Betterment is an investment company with some interesting new products to consider. The minimum is a mere $10 and is FDIC insured. There are two levels. The first level is a simple savings account paying 2.43% as of this writing. However, if you sign up for their wait list for their fee-free checking account your savings earns 2.69%.
Pros: Liquid, FDIC insured, excellent rate if on the Betterment Checking wait list.
Cons: Not much to dislike. The rate is likely to change over time so keep an eye on it. If another investment vehicle become superior you can easily move.
Ally is a favorite among readers of this blog. The rate is about what the Vanguard Prime MM fund pays (2.1% currently for Ally’s online savings account). Brand recognition provides comfort. Ally has more features than many other short-term investments listed here, allowing you to structure your account as it serves you best.
Pros: Liquid, recognizable brand, numerous features to manage your account.
Cons: Lower rate than other options listed in this post. Only available to U.S. legal permanent residents or citizens.
Worthy is a unique investment I fleshed out a few months back. The main selling point is the 5% interest rate paid on Worthy bonds.
Before you rush to invest, a few disclosures first. The link in the resources section after this post for Worthy and the link in my previous post on Worthy is an affiliate link. You and I both can get an extra $10 for using the link, just follow the rules.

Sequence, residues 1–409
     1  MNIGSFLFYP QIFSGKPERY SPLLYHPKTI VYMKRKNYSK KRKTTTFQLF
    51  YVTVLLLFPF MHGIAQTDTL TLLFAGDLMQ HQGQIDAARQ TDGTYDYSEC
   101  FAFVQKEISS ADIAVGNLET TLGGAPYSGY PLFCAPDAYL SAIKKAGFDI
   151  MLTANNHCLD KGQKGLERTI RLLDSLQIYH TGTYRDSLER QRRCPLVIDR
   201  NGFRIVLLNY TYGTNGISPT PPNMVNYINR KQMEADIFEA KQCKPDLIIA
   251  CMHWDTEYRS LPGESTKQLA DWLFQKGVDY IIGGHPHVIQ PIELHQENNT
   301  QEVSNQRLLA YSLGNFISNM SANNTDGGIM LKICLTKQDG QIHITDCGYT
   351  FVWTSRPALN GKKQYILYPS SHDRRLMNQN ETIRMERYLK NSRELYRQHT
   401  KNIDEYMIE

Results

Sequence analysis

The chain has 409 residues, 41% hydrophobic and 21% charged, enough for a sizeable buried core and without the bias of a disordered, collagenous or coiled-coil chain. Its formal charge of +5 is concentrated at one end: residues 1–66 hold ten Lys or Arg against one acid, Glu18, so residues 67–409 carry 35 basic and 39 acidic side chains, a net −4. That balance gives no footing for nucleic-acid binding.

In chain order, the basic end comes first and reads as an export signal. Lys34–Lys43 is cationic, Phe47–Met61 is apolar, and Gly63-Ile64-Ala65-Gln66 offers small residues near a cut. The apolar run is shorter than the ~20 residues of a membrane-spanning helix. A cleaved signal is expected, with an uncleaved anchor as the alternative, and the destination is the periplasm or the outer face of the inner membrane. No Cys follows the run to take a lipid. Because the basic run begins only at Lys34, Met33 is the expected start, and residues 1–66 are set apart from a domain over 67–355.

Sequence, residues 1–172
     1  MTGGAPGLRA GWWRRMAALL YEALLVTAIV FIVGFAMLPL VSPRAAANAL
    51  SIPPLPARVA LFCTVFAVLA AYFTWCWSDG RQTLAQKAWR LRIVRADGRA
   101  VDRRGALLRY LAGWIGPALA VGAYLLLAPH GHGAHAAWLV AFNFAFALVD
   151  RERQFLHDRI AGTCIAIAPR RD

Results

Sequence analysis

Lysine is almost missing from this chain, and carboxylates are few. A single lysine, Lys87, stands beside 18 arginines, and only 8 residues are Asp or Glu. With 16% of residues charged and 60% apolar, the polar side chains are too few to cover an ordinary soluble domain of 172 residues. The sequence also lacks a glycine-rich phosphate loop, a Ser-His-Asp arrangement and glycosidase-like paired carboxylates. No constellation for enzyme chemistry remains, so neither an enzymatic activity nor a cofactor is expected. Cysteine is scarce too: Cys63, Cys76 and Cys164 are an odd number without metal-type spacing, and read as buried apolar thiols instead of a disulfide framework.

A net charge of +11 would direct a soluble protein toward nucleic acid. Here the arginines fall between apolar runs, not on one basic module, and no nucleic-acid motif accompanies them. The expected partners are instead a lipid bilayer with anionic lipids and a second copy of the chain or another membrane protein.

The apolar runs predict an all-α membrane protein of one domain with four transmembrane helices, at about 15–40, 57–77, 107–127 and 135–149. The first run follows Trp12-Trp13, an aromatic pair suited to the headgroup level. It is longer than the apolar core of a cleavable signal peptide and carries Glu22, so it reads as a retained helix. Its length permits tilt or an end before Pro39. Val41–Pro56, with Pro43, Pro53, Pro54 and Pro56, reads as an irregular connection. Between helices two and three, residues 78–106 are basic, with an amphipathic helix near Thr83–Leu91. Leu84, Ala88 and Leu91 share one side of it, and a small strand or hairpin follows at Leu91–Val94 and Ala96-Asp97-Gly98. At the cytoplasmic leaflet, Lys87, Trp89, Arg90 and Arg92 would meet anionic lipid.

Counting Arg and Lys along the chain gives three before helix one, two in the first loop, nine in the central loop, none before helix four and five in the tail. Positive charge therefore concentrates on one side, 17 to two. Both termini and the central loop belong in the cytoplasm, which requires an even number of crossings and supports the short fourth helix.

Also, Worthy bonds are NOT FDIC insured or guaranteed and is not similar to money market accounts. They invest in business inventory. This could work well, but there is no guarantee of success. Worthy is a new company so you need to consider this before investing. Regardless, I would only put a portion of your short-term funds into Worthy due to the heightened risk.
I currently have $2,000 of my own money invested, plus all interest earned to date and all $10 affiliate payments received to date. That does not mean it is safe. I like to test things. A couple thousand is a nice way to test a product of this nature. Review the Worthy site and your temperament before investing.